B. European History 

H. 151, 152. History of the Ancient Orient and Greece (3, 3). Three 
hours a week. (Not offered in 1945-1946.) 



HISTORY 53 

H. 153. History of Rome (3). (Not offered in 1945-194G.) 

H. 155, 156. Medieval Civilization (3, 3). Three hours a week. (Not 
offered in 1945-1946.) 

H. 161, 162. Foundations of Modern Culture (3, 3). Three hours a 
week. Prerequisites, H. 1, 2, or equivalent. (Not offered in 1945- 
1946.) 

H. 165, 166. Revolutionary and Napoleonic Europe (3, 3). Three hours 
a week. Prerequisites, H. 1, 2, or equivalent. (Not offered in 1945- 
1946.) 

H. 171, 172. Europe in the Nineteenth Century, 1815-1919 (3, 3). Three 
hours a week. Prerequisites, H. 1, 2, or equivalent. (Not offered 
in 1945-1946.) 

H. 175, 176, Europe in the Twentieth Century (3, 3). Three hours a 
week. Prerequisites, H. 1, 2, or equivalent. (Not offered in 1945- 
1946.) 

H. 179, 180. Diplomatic History of Europe since 1871 (3, 3). Three 
hours a week. Prerequisites, H. 1, 2, or equivalent. (Not offered in 
1945-1946.) 

H. 181, 182. History of Central Europe (3, 3). Three hours a week. 
Prerequisites, H. 1, 2, or equivalent. (Not offei*ed in 1945-1946.) 

H. 185, 186. History of the British Empire (3, 3). Three hours a week, 
first and second semester. Prerequisites, H. 1, 2, or 3, 4, or equiva- 
lent. Silver. 

H. 191, 192. History of Russia (3, 3.) Three hours a week. Prerequi- 
sites, H. 1, 2, or equivalent. (Not offered in 1945-1946.) 

H. 193. History of the Near East (3). Prerequisites, H. 1, 2, or equiva- 
lent. First semester. Gewehr. 

H. 195. The Far East (3). Second semester. Gewehr. 

H. 199. Proseminar in Historical Writing (3). Staff. 

For Graduates 
H. 200. Research. Credit apportioned to amount of research. Staff. 
H. 201. Seminar in American History (2). Arranged. Staff. 

H. 205, 206. Topics in American Economics and Social History (3, 3). 

Arranged. Freidel. 

H. 211. The Colonial Period in American History (3). Arranged. 

Baker-Crothers. 

H. 215. The Old South (3). Arranged. f Stampp. 

H. 216. The American- Civil War (3). Arranged. Stampp. 



54 HOME ECONOMICS 

H. 221, 222. History of the West (3, 3). Arranged. Gewehr. 

H. 233, 234. Topics in American Intellectual History (3, 3). Arranged. 

Hofstadter. 

H, 250. Seminar in European History (2). Arranged. Staff. 

H. 255. Medieval Culture and Society (3). Arranged.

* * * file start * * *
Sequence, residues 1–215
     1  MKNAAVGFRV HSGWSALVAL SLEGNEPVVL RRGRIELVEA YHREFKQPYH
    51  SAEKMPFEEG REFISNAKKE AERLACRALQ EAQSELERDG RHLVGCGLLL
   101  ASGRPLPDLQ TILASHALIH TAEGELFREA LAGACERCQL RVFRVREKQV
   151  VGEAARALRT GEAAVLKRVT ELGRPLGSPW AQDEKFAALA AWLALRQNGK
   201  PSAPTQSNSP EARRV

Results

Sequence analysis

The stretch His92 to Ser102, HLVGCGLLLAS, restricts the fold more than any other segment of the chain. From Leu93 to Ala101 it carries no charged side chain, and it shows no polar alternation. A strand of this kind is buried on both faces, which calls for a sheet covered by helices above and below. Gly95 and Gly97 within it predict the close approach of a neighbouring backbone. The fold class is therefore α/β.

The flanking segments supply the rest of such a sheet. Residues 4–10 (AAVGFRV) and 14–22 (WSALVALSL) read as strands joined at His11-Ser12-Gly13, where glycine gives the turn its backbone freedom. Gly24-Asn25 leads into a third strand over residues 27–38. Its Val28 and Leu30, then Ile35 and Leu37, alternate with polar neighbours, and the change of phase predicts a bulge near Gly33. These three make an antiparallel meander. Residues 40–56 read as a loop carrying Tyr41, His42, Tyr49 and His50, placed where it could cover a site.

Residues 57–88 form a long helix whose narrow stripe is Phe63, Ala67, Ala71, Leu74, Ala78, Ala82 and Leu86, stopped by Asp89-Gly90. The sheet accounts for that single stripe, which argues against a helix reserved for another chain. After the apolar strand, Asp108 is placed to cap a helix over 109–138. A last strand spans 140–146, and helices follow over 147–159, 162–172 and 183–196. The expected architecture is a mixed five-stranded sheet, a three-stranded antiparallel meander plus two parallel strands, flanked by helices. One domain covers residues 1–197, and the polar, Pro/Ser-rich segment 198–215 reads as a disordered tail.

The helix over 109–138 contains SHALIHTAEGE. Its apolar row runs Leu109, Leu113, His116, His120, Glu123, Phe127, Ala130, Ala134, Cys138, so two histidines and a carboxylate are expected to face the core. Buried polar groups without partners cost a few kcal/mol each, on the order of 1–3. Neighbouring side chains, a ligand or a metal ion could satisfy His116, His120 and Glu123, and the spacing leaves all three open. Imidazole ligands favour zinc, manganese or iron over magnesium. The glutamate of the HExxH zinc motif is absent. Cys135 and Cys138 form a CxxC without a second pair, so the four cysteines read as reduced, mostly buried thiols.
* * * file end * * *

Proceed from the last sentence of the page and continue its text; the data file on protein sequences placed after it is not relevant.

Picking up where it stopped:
H. 281. Topics in the History of Central Europe (3). Arranged. 

H. 285, 286. Topics in the History of Modern England and Great 
Britain (3, 3). Silver, 

H. 297. Historians and Historical Criticism (3). Arranged. Staff. 

HOME ECONOMICS 
A. Textiles and Clothing 

For Graduates and Advanced Undergraduates 

Text. 100. Advanced Textiles (3). One lecture and two laboratory 
periods a week. Prerequisites, Text. 1, Organic Chem. 

Text. 101. Problems in Textiles (4). One lecture and three laboratory 
periods a week, first semester. Prerequisites, Text. 100; Organic 
Chem. 

Text. 105. Consumer Problems in Textiles (3). Two lectures and one 
laboratory period a week, second semester. Pi-erequisite, Text. 1, 
or equivalent. 

Cloth. 120. Draping (3). First and second semesters. Prerequisites, 
Text. 1, Cloth. 20A or 20B, or equivalent. 

Cloth. 121. Pattern Design (2). Two laboratory periods a week, first 
and second semesters. Prerequisite, Cloth. 20A or 20B, or equiva- 
lent. 

Cloth. 122. Tailoring (2). Two laboratory periods a week, first and 
second semesters. Prerequisite, Cloth. 20A or 20B, or equivalent. 

Cloth. 123. Children's Clothing (2). One lecture and one laboratory 
period a week, first semester. Prerequisite, Text. 1, Cloth. 20A or 
20B, or equivalent. 

Cloth. 124. Projects and Readings in Textiles and Clothing (2). Second 
semester. 

B. Practical Art 

For Graduates and Advanced Undergraduates 

Pr. Art. 120, 121. Costume Illustration (2, 2). Two laboratory periods 
a week, first and second semesters. Prerequisites, Pr. Art. 1, 20, 21, 
and 22. 



HOME ECONOMICS 55 

Pr. Art. 132. Advertising Layout (2). Two laboratory periods a week, 
first semester. Prerequisites, Pr. Art. 1, 20, 21, 22, 30, or equiva- 
lent. 

Pr. Art. 140, 141. Interior Design (3, 3). Two lectures and one labora- 
tory period a week, first semester; 3 laboratory periods a week, sec- 
ond semester. Prerequisite, Pr. Art. 1, or equivalent. 

Pr. Art. 142, 143. Advanced Interior Design (2, 2). Two laboratory 
periods a week, first and second semesters. Prerequisites, Pr. Art. 1, 
140, 141, or equivalent. 

C. Home and Institution Management 

For Graduates and Advanced Undergraduates 

Home Mgt. 150, 151. Management of Home (3, 3). Three hours a 
week, first and second semesters. 

Home Mgt. 152. Practice in Management of Home (3). First and sec- 
ond semesters, and summer session. Prerequisite, Home Mgt. 150, 
151. 

Inst. Mgt. 160. Institution Organization and Management (3). Two 
lectures and one laboratory period a week, first semester. Pre- 
requisites, Foods 2, 3; Nut. 110; Home Mgt. 150 and 151. 

Inst. Mgt. 161. Institution Purchasing and Accounting (3). Two lec- 
tures and one laboratory period a week, second semester. Prere- 
quisite, Inst. Mgt. 160. 

Inst. Mgt. 162. Institution Foods (3). One lecture and two laboratory 
periods a week, second semester. Prerequisites, Inst. Mgt. 160, 161. 

Inst. Mgt. 164. Advanced Institution Management (3). Two lectures 
and one laboratory period a week, second semester. Prerequisites, 
Inst. Mgt. 160, 161, 162. 

Inst. Mgt. 165. School Lunch (3). Two lectures and one laboratory 
period a week, second semester and summer session. Prerequisites, 
Foods 2, 3; Nut. 110.